FIST PUMP: Opposition Leader Dr Keith Rowley pumps his fist as he follows Prime Minister Kamla Persad- Bissessar in a procession leading to the Union Buildings in Pretoria, South Africa, yesterday where the body of former South African president Nelson Mandela was lying in state. See Page 4. –Photo courtesy The Office of the Prime Minister


PM, Rowley view Mandela’s body

Prime Minister Kamla Persad-Bissessar yesterday chose to take Opposition Leader Dr Keith Rowley with her to view the body of the the first black president of South Africa Nelson Mandela where it lay in state at the Union Buildings in Pretoria.
They were among world leaders and thousands of South Africans who filed past the flag-draped casket containing Mandela’s body, having a final look at the anti-apartheid icon in the amphitheatre where he was sworn in 19 years earlier. They are to return home Thursday along with the rest of the Caricom delegation.
According to a release from the Office of the Prime Minister, Persad-Bissessar said yesterday that with thousands lining up to view Mandela’s body, officials decided to limit the number of persons accompanying world leaders to the event.
“In my case, I was allowed one person and I chose the Honourable Leader of the Opposition, Dr Keith Rowley to accompany me to the public viewing of the body.
“I want to express my thanks to Dr Rowley for agreeing to go with me, and also to the rest of the Trinidad and Tobago delegation for their understanding in not being able to view Mr Mandela’s body because of the security concerns,” Persad-Bissessar said.
She added, “In death, the world has seen the importance of this great freedom fighter, Mr Nelson Mandela. The people of South Africa, and by extension the world, want to be part of this historic occasion.
“In line with his inherent humility, the great statesman Nelson Mandela often emphasised that the value of his work lay with the people with whom he worked and motive behind the struggle. In Long Walk to Freedom, Mandela’s 1995 autobiography, he said: ‘I have always believed that to be a freedom fighter one must suppress many of the personal feelings that make one feel like a separate individual rather than part of a mass movement. One is fighting for the liberation of millions of people, not the glory of one individual.’ ‘’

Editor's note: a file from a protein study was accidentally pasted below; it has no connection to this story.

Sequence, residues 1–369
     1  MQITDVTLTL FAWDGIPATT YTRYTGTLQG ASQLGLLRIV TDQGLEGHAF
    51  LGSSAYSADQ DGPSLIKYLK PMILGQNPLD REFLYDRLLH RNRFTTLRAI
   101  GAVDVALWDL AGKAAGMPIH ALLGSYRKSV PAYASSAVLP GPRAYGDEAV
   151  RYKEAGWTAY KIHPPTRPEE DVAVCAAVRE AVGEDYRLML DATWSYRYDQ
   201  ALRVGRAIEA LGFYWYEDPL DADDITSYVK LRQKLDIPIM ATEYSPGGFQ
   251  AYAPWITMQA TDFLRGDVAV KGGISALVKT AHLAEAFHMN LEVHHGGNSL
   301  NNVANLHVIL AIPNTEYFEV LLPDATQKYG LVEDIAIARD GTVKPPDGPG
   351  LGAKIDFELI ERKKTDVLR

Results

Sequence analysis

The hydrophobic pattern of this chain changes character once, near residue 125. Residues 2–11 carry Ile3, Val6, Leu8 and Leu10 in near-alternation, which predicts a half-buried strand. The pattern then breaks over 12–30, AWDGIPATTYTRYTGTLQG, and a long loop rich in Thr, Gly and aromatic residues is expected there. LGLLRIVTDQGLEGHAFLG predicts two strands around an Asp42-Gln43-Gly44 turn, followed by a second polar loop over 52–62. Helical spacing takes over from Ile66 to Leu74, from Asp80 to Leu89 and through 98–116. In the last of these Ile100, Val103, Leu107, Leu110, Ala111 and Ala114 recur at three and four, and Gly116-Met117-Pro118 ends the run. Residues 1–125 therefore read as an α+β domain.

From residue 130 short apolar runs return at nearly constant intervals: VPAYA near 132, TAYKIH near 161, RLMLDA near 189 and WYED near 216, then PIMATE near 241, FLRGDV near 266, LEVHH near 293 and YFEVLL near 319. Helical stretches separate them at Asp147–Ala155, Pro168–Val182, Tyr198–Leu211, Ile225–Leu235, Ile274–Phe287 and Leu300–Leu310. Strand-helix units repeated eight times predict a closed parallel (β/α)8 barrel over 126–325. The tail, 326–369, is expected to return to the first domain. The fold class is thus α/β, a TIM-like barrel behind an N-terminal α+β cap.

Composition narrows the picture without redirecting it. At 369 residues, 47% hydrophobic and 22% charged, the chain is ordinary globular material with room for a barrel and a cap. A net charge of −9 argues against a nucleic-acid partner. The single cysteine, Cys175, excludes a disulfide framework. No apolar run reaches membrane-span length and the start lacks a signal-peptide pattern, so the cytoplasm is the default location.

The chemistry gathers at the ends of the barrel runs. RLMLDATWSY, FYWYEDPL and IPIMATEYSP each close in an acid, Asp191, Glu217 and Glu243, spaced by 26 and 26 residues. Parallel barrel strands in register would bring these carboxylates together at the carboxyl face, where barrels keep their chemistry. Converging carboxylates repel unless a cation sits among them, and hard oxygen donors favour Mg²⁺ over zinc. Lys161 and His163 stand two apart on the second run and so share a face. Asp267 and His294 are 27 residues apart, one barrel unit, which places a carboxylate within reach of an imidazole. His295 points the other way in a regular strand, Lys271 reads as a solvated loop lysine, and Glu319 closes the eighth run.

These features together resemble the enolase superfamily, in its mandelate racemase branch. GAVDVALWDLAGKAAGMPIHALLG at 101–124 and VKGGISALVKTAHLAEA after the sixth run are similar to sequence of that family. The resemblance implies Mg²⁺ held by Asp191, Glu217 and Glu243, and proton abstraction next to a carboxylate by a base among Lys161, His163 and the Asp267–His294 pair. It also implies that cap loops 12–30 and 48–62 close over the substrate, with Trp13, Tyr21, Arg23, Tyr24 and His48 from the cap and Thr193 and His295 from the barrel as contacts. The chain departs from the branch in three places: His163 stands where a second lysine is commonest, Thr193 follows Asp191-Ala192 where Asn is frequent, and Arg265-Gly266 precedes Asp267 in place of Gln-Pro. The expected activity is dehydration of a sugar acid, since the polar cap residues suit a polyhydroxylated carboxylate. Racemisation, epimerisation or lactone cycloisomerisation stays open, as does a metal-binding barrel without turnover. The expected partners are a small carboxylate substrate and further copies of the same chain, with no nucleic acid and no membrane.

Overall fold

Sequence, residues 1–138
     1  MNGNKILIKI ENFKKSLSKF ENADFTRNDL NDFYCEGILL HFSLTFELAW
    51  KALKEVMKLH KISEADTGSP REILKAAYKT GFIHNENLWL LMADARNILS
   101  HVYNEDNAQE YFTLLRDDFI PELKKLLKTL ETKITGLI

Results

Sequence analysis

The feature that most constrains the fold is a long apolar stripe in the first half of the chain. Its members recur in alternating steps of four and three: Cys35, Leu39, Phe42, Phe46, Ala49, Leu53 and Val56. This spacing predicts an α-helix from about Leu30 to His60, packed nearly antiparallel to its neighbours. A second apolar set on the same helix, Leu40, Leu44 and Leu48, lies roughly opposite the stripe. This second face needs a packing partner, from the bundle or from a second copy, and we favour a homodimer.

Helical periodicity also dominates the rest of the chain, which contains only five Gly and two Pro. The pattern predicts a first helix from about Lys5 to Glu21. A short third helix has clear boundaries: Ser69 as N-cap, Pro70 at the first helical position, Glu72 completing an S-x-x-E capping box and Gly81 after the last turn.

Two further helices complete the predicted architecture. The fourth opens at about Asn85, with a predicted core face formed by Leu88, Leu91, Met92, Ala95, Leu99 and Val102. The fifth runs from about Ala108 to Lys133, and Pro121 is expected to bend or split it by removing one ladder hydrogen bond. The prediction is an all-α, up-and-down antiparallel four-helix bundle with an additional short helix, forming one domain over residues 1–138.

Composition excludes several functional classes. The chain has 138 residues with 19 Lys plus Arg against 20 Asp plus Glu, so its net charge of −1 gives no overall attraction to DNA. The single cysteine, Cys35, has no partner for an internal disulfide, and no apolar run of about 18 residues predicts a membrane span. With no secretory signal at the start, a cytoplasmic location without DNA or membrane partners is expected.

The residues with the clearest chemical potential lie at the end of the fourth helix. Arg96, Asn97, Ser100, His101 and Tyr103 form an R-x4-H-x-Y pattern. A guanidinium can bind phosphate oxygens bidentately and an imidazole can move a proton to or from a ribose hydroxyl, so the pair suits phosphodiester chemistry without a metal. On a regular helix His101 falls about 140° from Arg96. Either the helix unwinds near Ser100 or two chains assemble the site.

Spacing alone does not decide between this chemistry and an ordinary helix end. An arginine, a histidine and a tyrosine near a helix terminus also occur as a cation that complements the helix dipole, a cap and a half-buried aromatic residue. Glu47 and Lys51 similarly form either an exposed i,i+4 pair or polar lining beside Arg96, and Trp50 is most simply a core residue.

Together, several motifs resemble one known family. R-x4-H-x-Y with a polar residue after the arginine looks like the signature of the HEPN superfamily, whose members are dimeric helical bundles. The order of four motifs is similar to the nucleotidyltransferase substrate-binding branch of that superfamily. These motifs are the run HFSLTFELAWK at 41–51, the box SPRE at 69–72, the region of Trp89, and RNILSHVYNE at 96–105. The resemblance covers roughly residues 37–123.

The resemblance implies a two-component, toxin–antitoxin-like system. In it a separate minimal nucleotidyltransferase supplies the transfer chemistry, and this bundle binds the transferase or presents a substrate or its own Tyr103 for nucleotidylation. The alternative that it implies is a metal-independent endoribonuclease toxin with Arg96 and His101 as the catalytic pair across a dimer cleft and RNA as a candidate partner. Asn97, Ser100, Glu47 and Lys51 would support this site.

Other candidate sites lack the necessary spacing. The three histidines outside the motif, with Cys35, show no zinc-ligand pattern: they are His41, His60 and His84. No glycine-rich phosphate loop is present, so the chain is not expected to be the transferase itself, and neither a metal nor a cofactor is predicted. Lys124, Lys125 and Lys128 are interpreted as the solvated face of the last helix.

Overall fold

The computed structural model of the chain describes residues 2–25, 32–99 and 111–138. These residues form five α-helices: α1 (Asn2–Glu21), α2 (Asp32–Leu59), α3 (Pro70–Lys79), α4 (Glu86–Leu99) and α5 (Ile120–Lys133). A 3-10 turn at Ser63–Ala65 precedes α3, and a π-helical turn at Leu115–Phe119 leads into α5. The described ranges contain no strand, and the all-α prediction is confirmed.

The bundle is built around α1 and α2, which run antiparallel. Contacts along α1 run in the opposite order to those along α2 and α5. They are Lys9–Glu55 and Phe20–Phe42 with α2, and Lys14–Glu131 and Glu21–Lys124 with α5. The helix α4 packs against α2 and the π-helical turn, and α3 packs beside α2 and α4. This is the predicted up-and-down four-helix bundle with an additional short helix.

Persad-Bissessar pointed out that Mandela’s legacy was one of communion with his fellowmen,” befittingly, while his body lies in state at the Union Buildings in Pretoria over the next three days, I too shall join the masses in paying final respects before his family says an even more personal and heartfelt goodbye.”
She lauded the announcement by South African president Jacob Zuma that the Union Buildings will henceforth be known as the Mandela Amphitheatre.
Persad-Bissessar added, “The great former South African president will forever be revered worldwide for successfully shepherding the country towards a peaceful transition to multiracial democracy after three centuries of white domination. Remarkably, after serving 27 years of a life imprisonment sentence, Mandela returned more determined than ever and led an apartheid-divided South Africa towards an all-race democracy, becoming the nation’s first black president in 1994.
“As we celebrate the life and works of Mandela, let us remember him the way in which he desired. In 1994, in an interview for the documentary Mandela, he said, ‘Death is something inevitable. When a man has done what he considers to be his duty to his people and his country, he can rest in peace. I believe I have made that effort and that is, therefore, why I will sleep for the eternity.’”
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